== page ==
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Dsnd Subsea V. Pgs Notes

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DSND SUBSEA V. PGS FACTS On 3 June 1997, DSND Subsea Ltd ("DSND") entered into a contract ("the Contract") with PGS Offshore Technology AS ("PGS") for the subsea work. The contract was subsequently varied by Heads of Agreement ("HOA") made between the parties on 2 April

1998. Further relevant agreements were concluded between them on 25 September and 9 October 1998. These were the Memorandum of Understanding ("MOU") and Memorandum of Agreement ("MOA") respectively. It is PGS' case that it was induced to enter into the MOU by a misrepresentation made by DSND, and that it entered into this agreement under economic duress. Variations to the main contract through the MOU and MOA: The background to this agreement, concluded on 25 September 1998, was the realisation by both parties by the summer that postinstallation was preferable to pre-installation. Between July and September, they negotiated over the modification of the Contract Price to reflect the cost of post-installation of the risers. A second feature of the discussions was DSND's concern about the installability of the RTIAs: this led to negotiations to vary the indemnify and insurance provisions of the Contract. It will be necessary to examine the course of the negotiations in some detail in relation to the economic duress issue. HOLDING Statement of the Law Applicable The ingredients of actionable duress are that there must be pressure, (a) whose practical effect is that there is compulsion on, or a lack of practical choice for, the victim, (b) which is illegitimate, and (c) which is a significant cause inducing the claimant to enter into the contract: see Universal Tanking of Monrovia v ITWF [1983] AC 336, 400B-E, and The Evia Luck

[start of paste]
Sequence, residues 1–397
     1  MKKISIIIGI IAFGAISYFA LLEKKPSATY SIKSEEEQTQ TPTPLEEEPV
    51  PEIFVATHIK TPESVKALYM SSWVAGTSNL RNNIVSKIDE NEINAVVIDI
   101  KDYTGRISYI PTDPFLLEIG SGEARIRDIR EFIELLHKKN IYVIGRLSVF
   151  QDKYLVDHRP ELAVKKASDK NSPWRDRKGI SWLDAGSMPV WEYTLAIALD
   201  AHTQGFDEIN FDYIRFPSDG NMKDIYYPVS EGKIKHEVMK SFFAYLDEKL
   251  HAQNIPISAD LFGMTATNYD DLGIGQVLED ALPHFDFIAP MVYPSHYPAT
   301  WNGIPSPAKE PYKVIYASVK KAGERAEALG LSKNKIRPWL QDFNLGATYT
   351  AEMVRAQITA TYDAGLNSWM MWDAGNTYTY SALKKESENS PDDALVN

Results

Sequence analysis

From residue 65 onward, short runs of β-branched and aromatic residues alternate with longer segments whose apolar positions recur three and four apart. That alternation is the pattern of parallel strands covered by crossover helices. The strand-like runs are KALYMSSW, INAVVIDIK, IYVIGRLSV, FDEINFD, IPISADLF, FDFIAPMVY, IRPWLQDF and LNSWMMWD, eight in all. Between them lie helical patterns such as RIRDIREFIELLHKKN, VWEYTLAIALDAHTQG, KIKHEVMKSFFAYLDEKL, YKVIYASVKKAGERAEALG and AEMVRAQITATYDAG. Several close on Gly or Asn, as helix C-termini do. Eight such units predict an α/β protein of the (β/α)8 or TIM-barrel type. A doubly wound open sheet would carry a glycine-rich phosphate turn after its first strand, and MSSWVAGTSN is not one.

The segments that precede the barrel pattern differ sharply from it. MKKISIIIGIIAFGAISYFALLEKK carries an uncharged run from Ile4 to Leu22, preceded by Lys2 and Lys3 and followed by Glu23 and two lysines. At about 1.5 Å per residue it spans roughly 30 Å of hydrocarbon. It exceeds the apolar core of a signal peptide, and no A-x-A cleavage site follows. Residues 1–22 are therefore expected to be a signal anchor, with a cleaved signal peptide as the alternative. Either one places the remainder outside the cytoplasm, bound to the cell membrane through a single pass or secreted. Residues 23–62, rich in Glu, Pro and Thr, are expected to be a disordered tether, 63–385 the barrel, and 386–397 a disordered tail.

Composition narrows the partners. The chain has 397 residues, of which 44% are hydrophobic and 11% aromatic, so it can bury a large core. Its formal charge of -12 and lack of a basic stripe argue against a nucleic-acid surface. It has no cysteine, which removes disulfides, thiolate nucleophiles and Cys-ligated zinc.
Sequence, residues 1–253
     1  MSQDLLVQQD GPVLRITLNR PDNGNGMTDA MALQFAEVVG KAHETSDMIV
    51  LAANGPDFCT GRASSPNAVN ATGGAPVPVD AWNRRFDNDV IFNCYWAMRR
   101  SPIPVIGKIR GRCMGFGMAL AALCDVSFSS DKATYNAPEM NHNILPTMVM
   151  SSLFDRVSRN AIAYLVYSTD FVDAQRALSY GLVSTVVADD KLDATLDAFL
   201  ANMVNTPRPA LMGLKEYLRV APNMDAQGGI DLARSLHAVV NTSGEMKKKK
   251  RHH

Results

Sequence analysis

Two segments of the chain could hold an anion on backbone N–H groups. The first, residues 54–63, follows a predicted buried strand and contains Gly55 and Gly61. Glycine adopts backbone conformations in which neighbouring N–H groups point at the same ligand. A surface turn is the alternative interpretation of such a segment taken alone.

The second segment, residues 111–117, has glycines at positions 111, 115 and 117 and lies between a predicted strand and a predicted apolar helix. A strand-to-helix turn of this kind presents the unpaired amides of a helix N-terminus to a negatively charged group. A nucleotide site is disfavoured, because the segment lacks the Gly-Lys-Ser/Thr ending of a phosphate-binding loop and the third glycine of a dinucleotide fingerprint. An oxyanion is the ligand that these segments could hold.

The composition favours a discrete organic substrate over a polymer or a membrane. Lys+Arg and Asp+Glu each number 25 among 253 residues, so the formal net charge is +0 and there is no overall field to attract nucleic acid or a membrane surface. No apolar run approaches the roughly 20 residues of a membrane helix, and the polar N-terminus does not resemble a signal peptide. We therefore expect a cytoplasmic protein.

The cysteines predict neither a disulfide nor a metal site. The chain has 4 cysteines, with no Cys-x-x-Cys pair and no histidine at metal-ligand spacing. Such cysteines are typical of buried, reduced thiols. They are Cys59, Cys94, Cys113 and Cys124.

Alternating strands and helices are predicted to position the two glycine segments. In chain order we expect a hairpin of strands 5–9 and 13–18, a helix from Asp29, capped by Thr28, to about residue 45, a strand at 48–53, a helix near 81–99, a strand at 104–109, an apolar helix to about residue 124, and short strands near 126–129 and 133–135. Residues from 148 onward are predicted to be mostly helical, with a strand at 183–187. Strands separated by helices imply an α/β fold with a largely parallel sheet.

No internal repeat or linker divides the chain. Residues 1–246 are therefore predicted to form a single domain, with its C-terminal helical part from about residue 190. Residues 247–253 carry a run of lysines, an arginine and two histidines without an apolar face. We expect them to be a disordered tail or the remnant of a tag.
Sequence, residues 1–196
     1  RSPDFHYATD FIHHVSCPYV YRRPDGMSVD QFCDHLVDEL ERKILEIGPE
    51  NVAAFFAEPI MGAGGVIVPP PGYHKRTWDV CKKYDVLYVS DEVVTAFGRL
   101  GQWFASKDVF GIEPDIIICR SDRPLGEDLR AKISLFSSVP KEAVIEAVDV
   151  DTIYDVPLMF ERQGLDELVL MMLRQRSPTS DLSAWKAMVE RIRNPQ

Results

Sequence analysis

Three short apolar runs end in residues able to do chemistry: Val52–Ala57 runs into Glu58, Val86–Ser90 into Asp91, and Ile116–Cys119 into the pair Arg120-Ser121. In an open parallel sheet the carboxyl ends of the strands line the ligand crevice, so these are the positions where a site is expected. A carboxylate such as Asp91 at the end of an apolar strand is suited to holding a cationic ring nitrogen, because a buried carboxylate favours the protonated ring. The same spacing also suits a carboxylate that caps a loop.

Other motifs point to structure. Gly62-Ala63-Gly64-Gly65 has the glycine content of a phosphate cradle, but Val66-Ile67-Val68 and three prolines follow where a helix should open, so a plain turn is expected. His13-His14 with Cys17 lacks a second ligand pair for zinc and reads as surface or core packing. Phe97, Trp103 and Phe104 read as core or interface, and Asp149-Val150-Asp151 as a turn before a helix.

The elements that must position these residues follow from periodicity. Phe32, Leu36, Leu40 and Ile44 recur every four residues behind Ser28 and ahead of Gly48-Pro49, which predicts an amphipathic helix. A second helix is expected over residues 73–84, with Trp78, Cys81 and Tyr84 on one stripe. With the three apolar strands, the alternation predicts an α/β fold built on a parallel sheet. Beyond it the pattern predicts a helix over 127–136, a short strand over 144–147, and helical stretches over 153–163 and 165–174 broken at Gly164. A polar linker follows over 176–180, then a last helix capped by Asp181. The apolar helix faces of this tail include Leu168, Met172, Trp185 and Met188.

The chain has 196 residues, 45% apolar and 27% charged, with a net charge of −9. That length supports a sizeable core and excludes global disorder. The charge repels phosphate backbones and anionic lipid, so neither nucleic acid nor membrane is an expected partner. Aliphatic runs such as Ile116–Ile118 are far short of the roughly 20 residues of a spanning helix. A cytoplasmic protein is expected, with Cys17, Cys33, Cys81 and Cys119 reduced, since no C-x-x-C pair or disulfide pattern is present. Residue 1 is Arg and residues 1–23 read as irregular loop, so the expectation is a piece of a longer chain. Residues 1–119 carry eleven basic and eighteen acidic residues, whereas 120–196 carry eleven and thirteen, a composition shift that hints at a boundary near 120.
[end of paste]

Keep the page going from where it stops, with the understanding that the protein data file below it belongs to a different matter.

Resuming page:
[1992] 2 AC 152, 165G. In determining whether there has been illegitimate pressure, the court takes into account a range of factors. These include whether there has been an actual or threatened breach of contract; whether the person allegedly exerting the pressure has acted in good or bad faith; whether the victim had any realistic practical alternative but to submit to the pressure; whether the victim protested at the time; and whether he affirmed and sought to rely on the contract. These are all relevant factors. Illegitimate pressure must be distinguished from the rough and tumble of the pressures of normal commercial bargaining. Application to facts

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